Published August 12th, 2016
by Steven Clark

Filed Under:
Social Media Turds

Despite what I write about here or what my old colleagues may tell you, I’m not a particularly confrontational person. I will admit I can be a little overly enthusiastic when it comes to things I enjoy and – besides drinking – this mainly includes my work. I have, in the past, told a sales manager that his ideas were “shit awful” during a meeting and had what I would call “animated discussions” with account managers over what I saw as needless (but chargeable) busy work.

But before I achieved my dream of working for agencies or making websites in my underwear, I worked in retail. Like many others, I had a part time job at a local supermarket during University where I stacked shelves, organised stock and pointed at things customers couldn’t find.

And it was fucking miserable.

Supermarket Sweep

That said, a job in retail can be a good opportunity to learn things and pick up new skills. For instance, it was in ASDA that I learned that being mouthy and easily replaceable wasn’t an ideal combination. I also learned that dealing with members of the public on a regular basis is as about as fun as scooping out your insides piece by piece with a plastic box cutter.

Christmas was the worst by far. A tirade of irritated customers, many with their extended families tagging along, standing with their trolleys and prams diagonally blocking aisles whilst staring gormlessly at labels and signage. Then inevitably they would complain when they couldn’t find the goose fat or stuffing mix despite walking past a fully stocked seasonal aisle moments before.

Thanks to Twitter, we’re now living in a permanent supermarket Christmas. Entitled idiots regularly mouth off at corporations about nothing, prompting a tense conversation with a social media coordinator or likes and retweets from their sycophantic followers. The same people who would rail against trolling or online bullying (despite not knowing what it actually is) are happy to post pompous and entitled tweets to large organisations moaning about innocuous bullshit demanding immediate recompense.

How dare they fly these bananas to me from another country only for them not to be ripe

Idle threats and criticism on the internet were more common before people used their real names and uploaded photographs of themselves naked to their social media profiles. Instead, it’s now large organisations that reply and post relatively anonymously, with members of social media teams using their names and initials for the sake of approachability and accountability. Often in vain, these unfortunate people try to quell the posts from these lunatics who are happy to be personally associated with a petty public scene of their own creation where they’ve unironically called the lack of mayo in their chicken sandwich a “disgrace”.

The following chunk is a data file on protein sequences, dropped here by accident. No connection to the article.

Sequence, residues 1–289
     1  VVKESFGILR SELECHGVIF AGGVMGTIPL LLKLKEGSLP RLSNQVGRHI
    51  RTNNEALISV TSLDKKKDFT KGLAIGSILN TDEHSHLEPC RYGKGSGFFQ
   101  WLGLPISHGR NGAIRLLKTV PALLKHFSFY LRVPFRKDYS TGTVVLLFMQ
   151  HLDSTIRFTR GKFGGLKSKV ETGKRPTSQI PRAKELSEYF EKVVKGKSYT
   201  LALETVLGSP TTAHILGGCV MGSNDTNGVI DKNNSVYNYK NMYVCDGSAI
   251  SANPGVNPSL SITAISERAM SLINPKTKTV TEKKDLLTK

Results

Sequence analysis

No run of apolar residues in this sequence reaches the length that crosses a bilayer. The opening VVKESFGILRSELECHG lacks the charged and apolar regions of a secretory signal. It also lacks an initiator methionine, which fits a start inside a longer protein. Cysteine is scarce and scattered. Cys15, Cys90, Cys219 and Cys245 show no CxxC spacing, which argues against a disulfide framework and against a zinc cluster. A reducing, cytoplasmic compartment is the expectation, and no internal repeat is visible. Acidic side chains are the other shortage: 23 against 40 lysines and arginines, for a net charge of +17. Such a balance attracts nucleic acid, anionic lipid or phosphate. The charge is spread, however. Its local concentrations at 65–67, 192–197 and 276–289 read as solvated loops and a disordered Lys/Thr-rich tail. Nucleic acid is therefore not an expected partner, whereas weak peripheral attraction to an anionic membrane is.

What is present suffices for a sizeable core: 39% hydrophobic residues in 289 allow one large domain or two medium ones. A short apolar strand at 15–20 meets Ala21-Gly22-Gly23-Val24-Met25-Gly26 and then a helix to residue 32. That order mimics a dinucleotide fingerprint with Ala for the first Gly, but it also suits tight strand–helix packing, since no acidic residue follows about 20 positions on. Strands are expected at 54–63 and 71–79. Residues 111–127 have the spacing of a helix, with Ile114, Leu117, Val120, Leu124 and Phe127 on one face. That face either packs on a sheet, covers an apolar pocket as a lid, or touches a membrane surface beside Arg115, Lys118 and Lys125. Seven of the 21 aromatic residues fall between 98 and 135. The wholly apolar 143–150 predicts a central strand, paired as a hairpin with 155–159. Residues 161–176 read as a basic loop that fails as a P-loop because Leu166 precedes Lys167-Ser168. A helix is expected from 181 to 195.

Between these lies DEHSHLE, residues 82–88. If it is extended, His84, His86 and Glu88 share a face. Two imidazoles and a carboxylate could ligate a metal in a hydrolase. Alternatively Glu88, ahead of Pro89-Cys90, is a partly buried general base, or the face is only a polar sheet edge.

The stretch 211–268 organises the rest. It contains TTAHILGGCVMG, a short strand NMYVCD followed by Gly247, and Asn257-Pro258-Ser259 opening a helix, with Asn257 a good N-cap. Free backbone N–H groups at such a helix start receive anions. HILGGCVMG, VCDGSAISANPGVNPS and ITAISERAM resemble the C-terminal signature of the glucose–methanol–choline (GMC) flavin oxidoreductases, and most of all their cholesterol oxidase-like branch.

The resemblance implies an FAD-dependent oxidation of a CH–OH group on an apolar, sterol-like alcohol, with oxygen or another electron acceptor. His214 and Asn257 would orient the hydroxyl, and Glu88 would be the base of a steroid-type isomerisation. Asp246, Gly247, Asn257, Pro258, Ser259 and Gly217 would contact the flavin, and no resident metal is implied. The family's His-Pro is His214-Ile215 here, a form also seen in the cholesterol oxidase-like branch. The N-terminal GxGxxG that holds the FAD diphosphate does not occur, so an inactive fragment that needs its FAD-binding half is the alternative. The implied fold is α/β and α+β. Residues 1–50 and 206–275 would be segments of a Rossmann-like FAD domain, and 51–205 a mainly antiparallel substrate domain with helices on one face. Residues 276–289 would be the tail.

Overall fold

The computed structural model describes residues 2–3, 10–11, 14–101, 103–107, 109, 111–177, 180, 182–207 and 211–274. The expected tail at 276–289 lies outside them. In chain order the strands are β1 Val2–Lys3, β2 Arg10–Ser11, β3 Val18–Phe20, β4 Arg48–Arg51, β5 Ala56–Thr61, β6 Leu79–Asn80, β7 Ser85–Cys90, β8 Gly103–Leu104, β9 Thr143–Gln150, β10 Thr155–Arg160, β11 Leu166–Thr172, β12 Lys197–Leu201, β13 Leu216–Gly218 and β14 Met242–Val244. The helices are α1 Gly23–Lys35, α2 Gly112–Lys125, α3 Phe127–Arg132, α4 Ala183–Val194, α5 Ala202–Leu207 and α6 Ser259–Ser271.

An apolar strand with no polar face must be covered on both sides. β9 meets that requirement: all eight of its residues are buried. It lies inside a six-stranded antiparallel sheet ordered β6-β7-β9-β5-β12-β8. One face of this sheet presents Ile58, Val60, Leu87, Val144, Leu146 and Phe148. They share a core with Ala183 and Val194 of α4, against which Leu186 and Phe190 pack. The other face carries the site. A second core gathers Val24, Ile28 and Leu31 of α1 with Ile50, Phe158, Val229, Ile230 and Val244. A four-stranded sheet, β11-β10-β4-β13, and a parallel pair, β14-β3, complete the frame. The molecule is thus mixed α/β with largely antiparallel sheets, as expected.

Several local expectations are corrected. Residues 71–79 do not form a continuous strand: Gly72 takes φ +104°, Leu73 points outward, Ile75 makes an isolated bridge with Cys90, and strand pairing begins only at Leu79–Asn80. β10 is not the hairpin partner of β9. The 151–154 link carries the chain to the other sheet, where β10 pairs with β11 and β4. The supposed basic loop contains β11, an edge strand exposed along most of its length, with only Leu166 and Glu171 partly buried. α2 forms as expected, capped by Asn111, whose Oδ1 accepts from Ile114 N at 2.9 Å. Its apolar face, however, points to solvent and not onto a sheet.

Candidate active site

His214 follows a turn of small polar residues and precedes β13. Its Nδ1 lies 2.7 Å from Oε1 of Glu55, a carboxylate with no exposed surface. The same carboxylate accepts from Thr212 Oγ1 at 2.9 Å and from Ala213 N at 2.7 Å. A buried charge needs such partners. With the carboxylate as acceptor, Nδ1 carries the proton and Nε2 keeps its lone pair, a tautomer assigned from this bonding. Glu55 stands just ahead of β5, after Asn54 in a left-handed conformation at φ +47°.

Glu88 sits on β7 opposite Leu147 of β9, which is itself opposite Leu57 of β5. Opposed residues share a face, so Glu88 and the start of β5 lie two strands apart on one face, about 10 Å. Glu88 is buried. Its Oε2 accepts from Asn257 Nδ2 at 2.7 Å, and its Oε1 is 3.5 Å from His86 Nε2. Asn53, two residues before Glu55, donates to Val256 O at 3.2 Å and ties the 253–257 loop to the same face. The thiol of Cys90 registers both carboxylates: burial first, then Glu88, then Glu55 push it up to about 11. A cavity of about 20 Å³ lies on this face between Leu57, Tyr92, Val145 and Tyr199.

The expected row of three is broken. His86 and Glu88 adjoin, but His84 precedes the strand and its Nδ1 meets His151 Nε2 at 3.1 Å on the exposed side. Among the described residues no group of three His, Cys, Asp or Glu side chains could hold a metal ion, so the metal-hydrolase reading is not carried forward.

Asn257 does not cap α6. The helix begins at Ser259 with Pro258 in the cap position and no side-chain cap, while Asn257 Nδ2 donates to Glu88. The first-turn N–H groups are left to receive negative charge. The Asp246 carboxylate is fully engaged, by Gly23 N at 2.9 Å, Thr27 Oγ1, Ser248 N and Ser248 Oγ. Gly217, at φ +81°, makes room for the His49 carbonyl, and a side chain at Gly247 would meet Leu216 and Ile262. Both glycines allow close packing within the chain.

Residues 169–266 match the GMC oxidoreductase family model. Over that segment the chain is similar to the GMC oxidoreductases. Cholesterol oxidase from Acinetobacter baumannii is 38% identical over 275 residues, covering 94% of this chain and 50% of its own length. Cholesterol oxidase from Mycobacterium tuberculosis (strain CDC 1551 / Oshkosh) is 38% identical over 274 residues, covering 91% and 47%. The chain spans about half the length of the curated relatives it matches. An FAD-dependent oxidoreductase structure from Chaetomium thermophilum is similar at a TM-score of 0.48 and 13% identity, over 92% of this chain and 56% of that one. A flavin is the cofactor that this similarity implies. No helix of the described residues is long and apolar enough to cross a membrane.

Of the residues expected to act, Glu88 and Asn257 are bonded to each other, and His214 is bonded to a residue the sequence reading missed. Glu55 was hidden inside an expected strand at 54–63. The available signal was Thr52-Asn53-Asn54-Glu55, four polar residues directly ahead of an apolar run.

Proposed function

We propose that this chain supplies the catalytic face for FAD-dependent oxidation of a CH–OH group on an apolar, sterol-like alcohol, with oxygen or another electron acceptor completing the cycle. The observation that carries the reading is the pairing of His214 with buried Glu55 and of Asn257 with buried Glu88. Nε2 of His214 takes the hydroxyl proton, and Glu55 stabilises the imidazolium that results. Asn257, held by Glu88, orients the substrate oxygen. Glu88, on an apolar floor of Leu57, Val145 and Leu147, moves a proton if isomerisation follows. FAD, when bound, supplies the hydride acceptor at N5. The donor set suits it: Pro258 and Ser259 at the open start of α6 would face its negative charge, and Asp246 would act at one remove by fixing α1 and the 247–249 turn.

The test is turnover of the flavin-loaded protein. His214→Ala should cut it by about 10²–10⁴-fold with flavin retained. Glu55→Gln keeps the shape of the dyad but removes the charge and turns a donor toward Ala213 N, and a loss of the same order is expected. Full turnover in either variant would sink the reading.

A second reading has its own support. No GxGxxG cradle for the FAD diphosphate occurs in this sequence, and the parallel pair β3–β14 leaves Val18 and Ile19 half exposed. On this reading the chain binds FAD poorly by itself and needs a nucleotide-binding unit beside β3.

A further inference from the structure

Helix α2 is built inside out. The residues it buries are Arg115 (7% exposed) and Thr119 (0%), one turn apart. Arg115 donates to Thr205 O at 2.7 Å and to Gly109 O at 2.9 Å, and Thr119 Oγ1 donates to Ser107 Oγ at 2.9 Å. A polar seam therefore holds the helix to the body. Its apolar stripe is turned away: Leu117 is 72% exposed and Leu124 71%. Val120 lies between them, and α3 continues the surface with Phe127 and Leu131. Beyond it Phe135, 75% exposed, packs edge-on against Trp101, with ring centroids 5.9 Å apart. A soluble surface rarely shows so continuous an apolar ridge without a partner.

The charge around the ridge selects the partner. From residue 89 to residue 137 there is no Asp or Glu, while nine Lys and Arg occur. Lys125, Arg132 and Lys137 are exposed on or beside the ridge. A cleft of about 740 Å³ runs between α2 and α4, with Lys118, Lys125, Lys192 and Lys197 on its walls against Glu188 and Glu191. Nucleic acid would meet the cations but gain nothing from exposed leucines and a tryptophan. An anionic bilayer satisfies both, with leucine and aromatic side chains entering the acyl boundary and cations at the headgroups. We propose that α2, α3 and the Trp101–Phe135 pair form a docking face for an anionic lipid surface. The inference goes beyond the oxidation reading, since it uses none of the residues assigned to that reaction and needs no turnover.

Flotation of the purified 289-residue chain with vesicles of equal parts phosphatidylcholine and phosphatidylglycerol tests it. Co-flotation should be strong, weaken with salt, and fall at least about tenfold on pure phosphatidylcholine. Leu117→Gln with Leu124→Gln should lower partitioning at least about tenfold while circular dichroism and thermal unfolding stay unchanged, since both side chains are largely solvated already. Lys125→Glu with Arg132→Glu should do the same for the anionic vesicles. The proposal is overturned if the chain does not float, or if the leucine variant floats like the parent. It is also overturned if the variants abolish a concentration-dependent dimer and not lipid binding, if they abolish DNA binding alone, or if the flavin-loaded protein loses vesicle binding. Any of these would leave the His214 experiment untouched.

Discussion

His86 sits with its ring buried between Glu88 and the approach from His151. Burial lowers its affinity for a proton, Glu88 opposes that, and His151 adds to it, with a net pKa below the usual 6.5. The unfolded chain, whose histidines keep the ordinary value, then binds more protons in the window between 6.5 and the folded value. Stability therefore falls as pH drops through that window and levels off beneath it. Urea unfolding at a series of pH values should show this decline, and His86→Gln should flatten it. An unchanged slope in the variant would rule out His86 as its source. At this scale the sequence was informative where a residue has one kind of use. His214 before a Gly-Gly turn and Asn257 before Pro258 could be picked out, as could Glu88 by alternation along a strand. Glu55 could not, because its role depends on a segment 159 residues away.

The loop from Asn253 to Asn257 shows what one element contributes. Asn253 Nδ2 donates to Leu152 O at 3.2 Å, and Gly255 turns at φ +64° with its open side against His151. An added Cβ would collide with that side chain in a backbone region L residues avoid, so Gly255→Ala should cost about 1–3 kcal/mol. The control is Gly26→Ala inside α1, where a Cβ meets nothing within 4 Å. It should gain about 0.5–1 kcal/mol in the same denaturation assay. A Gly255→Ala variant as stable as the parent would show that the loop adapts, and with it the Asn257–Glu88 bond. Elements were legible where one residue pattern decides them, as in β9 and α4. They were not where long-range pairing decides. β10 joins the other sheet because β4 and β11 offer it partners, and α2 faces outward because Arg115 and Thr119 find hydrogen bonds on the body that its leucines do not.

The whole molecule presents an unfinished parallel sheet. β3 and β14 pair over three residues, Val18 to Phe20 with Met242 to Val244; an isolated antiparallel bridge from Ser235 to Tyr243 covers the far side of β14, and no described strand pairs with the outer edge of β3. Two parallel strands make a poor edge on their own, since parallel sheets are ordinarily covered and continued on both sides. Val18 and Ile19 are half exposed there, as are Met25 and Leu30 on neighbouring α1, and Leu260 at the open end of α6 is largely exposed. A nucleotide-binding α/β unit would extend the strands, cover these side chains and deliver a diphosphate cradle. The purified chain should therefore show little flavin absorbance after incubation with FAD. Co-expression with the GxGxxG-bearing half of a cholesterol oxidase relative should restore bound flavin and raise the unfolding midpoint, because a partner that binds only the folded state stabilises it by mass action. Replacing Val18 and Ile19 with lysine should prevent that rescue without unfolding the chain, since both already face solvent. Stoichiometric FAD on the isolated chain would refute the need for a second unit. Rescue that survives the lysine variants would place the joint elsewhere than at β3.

I’m sure Richard read your tweets in disgust

That’s not to say that communicating with a business online can’t be productive. If businesses didn’t shit themselves at the advent of social media and hire a bunch of tired 20-somethings to politely tell you to shut up and email your complaint to them directly – instead of going through more traditional channels – no one would do it. It can be even be entertaining. The now infamous “am no a grass” tweet to Tesco remains a personal favourite of mine and garnered quite a ridiculous amount of media attention.

But most people aren’t approaching complaints with tongue in cheek or like they’re communicating with an actual human being and not just a corporate logo. They’re spitting venom online and thinking themselves the vanguards of public decency and good customer service.

I remember talking with the colleagues that worked the customer service desk at our store, hearing their occasional horror stories about what customers had demanded from them with little to no proof of purchase, vague threats and a handful of swear words.

Supermarket Sweep

Thanks to Twitter and a gaggle of confrontational attention seekers given agency by the impersonality of communicating via the internet, these horror stories are now an everyday occurrence. If you wouldn’t complain in store to a person about it, it’s probably not worth grabbing a quick picture and taking your complaint home with you.

I’ll admit organisations like supermarkets are mostly large faceless corporate entities that don’t need defending but I think it’s worth remembering that when you tweet bile their way an actual human being has to mop it up.

Note: This post originally appeared on the Habanero Digital blog meaning certain parts are probably weirdly self referential or talk about ongoing feuds that probably exist almost exclusively in the mind of the author.

Jobs Social Media

by Steven Clark

Steven is a designer/developer and wannabe intellectual with an obsessive personality and too much spare time. Don’t follow him on Twitter.

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